As an athlete, his hard work in several different disciplines at Rock Hill soon resulted in him arguably being not only the best student-athlete at his class or school, but as one of the best to ever come out of Redmen Country.

After successfully fighting for the start of soccer at Rock Hill, Aguilera proceeded to lead the Redmen to new heights.

A co-ed program when it first started, Rock Hill finished 5-11-1 in its first-ever season — an impressive showing for a first-year program — as Aguilera scored an incredible 38 of the team’s 49 goals.

With the school adding a girls program to go alongside the boys program the following year, the presence of soccer proved to be growing in Pedro — as evidenced by Rock Hill’s success as a boys program over the following pair of seasons.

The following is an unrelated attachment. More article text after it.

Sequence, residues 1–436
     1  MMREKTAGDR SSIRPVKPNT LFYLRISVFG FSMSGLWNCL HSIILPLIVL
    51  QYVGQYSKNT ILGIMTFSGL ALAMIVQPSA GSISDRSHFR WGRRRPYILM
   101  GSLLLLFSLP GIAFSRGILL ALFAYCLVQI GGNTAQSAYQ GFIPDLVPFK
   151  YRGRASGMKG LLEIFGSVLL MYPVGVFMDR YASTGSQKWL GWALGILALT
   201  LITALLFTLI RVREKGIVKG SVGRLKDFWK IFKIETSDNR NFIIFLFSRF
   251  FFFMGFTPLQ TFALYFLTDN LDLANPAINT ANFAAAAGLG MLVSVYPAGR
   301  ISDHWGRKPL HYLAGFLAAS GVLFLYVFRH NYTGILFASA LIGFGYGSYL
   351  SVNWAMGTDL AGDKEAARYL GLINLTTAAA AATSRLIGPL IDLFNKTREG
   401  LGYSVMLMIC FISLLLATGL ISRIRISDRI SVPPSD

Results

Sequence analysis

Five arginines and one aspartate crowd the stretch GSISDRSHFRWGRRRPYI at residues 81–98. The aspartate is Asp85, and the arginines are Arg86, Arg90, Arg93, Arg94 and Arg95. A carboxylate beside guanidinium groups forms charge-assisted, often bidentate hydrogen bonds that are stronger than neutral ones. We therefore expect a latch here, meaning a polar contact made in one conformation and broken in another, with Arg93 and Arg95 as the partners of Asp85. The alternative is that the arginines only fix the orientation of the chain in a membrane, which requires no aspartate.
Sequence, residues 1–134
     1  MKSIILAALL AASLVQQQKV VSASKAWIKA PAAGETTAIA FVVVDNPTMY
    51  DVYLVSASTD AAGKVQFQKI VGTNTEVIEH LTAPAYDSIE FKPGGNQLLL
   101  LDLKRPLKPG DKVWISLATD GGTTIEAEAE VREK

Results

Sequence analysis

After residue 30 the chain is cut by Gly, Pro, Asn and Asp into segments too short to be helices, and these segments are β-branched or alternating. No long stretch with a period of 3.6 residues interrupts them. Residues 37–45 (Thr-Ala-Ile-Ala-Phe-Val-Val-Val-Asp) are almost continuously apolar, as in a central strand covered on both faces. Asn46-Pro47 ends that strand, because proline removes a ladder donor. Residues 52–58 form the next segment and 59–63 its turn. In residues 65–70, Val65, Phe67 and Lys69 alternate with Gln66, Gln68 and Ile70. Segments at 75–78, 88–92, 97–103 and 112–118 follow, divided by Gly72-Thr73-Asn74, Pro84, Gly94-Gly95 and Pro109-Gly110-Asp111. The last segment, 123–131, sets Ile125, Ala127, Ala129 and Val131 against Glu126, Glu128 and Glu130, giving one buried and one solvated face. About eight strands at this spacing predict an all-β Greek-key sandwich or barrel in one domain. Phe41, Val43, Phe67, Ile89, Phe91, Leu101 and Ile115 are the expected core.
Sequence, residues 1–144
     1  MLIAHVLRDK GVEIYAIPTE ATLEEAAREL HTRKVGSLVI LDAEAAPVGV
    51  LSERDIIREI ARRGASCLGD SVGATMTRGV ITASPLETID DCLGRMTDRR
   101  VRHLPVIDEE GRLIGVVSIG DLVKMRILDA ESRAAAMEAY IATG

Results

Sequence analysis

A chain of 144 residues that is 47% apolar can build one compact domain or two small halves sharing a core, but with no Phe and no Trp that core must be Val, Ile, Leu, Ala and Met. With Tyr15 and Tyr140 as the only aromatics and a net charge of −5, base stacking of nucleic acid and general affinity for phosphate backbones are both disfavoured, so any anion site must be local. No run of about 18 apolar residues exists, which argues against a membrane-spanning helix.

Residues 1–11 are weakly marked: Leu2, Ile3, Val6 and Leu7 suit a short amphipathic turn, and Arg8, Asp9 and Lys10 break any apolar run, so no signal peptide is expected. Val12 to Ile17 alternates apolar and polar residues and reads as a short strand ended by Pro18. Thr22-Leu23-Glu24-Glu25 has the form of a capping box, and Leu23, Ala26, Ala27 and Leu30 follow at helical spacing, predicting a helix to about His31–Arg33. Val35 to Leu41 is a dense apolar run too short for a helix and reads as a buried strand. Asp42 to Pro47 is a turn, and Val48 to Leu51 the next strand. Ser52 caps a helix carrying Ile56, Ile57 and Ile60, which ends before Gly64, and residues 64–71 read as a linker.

Aguilera scored 42 goals and posted five assists in his junior season, then sacrificed his numbers as a senior in a more well-rounded team effort, posting 29 goals and five assists in his final campaign.

In both years, the Redmen went 14-2-2 and won back-to-back Ohio Valley Conference championships.

During his three-year career at Rock Hill, Aguilera ultimately amassed 110 goals, 12 assists and an astounding 232 points — putting the entire area and the state of Ohio on notice as to the type of talent that he was, as evidenced by his three-time first-team all-OVC, three-time first-team all-Southeast District and two-time all-Ohio honors.

He capped off his soccer career in 2018 by taking home first-team all-Ohio honors after earning second-team all-Ohio accolades as a junior in 2017.

“We worked hard throughout the summer because our goal was an OVC championship,” Aguilera said. “It took everyone giving their best and showing up to practices early in the morning. The journey was not easy, but it was enjoyable seeing great results at the end.”